“You- your excellency-“

“Not that. I dislike the term. ‘Malenia’ will do, though you might call me ‘General’, or ‘Commander’ if you must.”

“Well- General-“ Rya hung her head. “I should have known. You did say you could tell truth from lie- and that is no more than what my appearance is.”

A shroud of dust seemed to clear from the air in front of her, and skin was replaced by scales. The complicated divots and irregularities of the human visage were replaced by a smooth snout of leathery scales.

In Malenia’s estimate, the outline of her appearance seemed far more natural with respect to her typical posture and mannerisms. “You ought to be proud of who you are, especially as you seek to foster pride amongst your kin.”

“I am proud!” Rya said, with a vehemence she had not expected, but which pleased her. “It is simply that- people were cruel. They would not speak to me if they saw my true form. They would call me ‘spawn of Daedicar’ and draw harsh gold light to hand. Here- I-“

“If Stormveil is the haven you claim it is, that cannot be the case.” Malenia pressed, ever incisive.

“I- well- you are correct. As usual.” Rya replied, looking down. She looked at the teacup still in her scaly hands and drank, which restored some warmth to her face and brought clarity to her mind (such a wonderful thing, tea). “I suppose it would be a lie to say I did not know what to think of you. For all his faults, Lord Alagos was fair, and he would neither hold prejudice, nor ally with one who did.”

“Was it your lineage, then?” the Goddess prompted, gently yet ruthlessly. “Did you wish to conceal your parentage?”

Rya gasped. “You knew all along? And you… still came to me? With… tea?”

“There, there. My sympathies are yours to have, after such a father as Rykard. My own- well- you might be surprised to know I am not unfamiliar with your predicament. My own Lord Father was as celebrated as yours was reviled. There was not one who would speak ill of Radagon of the Golden Order when he held court. Miquella truly loved him, once. I did not.”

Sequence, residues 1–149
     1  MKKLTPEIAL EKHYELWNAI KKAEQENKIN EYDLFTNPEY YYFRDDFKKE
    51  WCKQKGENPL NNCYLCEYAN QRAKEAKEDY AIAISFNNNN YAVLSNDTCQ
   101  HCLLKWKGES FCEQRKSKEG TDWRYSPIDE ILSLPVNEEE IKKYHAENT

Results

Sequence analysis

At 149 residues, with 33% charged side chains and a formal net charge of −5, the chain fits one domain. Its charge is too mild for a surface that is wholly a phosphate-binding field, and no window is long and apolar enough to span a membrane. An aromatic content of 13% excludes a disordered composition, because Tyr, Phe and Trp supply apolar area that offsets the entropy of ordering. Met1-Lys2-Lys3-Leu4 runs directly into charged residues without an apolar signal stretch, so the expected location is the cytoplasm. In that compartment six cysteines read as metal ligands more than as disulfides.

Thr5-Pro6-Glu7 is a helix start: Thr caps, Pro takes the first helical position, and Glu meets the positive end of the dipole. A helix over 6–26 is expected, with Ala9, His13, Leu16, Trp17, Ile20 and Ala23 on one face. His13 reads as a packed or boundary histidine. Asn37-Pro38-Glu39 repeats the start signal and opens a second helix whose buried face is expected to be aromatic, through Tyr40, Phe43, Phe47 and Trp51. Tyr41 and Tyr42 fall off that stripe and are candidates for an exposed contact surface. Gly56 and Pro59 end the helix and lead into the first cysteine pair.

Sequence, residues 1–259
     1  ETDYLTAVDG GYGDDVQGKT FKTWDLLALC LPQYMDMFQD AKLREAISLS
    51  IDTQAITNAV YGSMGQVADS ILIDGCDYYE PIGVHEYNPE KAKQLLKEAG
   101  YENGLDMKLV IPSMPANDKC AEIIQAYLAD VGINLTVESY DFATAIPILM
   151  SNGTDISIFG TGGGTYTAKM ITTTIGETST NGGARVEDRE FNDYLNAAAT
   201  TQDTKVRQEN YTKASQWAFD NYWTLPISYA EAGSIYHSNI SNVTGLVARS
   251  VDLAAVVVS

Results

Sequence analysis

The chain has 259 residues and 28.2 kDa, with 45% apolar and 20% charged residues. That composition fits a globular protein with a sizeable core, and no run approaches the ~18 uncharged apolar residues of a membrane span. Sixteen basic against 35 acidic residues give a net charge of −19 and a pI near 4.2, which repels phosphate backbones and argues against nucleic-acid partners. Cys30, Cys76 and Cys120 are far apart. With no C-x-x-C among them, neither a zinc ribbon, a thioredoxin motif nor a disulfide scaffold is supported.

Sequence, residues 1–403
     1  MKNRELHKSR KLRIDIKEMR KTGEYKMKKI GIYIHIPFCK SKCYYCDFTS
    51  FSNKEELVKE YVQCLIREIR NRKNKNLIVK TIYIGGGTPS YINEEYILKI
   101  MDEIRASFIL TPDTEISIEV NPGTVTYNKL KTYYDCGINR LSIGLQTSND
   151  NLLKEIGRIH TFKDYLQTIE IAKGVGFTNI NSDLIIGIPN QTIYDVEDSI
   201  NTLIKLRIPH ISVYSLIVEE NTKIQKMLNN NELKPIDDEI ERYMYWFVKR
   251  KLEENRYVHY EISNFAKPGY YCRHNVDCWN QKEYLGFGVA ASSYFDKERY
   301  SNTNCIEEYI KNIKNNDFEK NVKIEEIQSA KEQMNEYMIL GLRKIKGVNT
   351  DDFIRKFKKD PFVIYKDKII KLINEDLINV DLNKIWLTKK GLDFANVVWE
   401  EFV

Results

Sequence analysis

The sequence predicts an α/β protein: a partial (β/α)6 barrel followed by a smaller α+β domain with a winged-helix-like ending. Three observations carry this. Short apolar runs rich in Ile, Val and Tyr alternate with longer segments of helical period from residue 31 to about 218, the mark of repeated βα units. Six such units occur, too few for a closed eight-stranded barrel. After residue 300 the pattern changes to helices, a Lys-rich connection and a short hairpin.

Rya’s jaw was trembling. She listened with a mighty anticipation which signalled that several metaphysical floodgates had been thrown open.

“I was,” Malenia began, “the product of a broken marriage, to facilitate a venomous one. Our Queen Mother was utterly inscrutable in her divinity, and distant as a star. It was Radagon through whom Miquella and I knew of divinity, but there was always something blank about his face, something absent. His actions seemed locked in time, as though not his own to make. Perhaps he did love us- but that love was carried forward in a form incomplete, for his mind was itself incomplete in some fundamental way. To the end of the elder days, I could not tell.”

“At least however terrible my father’s deeds were, I could tell he loved me.” Rya said at length, in a soft little voice. Malenia noticed that she had shuffled closer to her, and took it as an invitation.

“Our Lord Father was harsh and brutal upon the battlefield, but weary of war in the name of duty. His burdens weighed heavily upon his shoulders, for they were placed there by an Outer God- but instead of casting aside those burdens such as Miquella did- or immolating himself in a blaze of glorious defiance as our great Queen Mother did- Father remained loyal to his precious Golden Order. It was the one constant about him, his loyalty to Order.”

“Did he see the flaws within it, or was he blind to them?” Rya asked, genuinely curious.

“He did.” Malenia said, remembering, and it made her despise him all the more. A curious blend of anger, wistfulness and a daughter’s simple love was what she felt for Radagon. She would typically have tried to forget the feeling and think of Miquella, but Rya was nearly laying her head on one of her shoulders, so she continued. “He saw it all. The flaws, the imperfections. The utter, baseless nonsense. He reforged the Full Moon Greatsword bequeathed to him by Queen Rennala into a blade of the Golden Order, both more impotent and less- beautiful than it had been before. He hid behind rigidity and the routine. He attempted, sometimes, to elevate those oppressed, but did nothing in protest against the Greater Will, which demanded the ruin of those given life that was outside its order.”

“He did something, though. Is that not better than understanding the hypocrisy and resolving to change it, but ultimately doing nothing at all? Is he not worthy of some redemption in that vein, at least?”

“He is.” Malenia sighed. “His nature is- not human, not even godly. It was something constrained, and part mechanical. In a better world, he would truly have been the glorious hero the world saw him as. In this one, there is a reason why Miquella lost faith in his order, and why he erected statues at the Haligtree to honour Marika, but not he. I- said I- did not love him, but when he left, I missed him. Even while the War of the Shattering raged on, even while stricken by Rot, I missed him. For despite my affliction, he had tried to do right by me, no matter the constraints upon his nature. He introduced me to my uncle, Miriel, and when he understood I refused to learn at his hand like Miquella had done, he drew my Saintly Master to these lands, so that I could grow my wings.”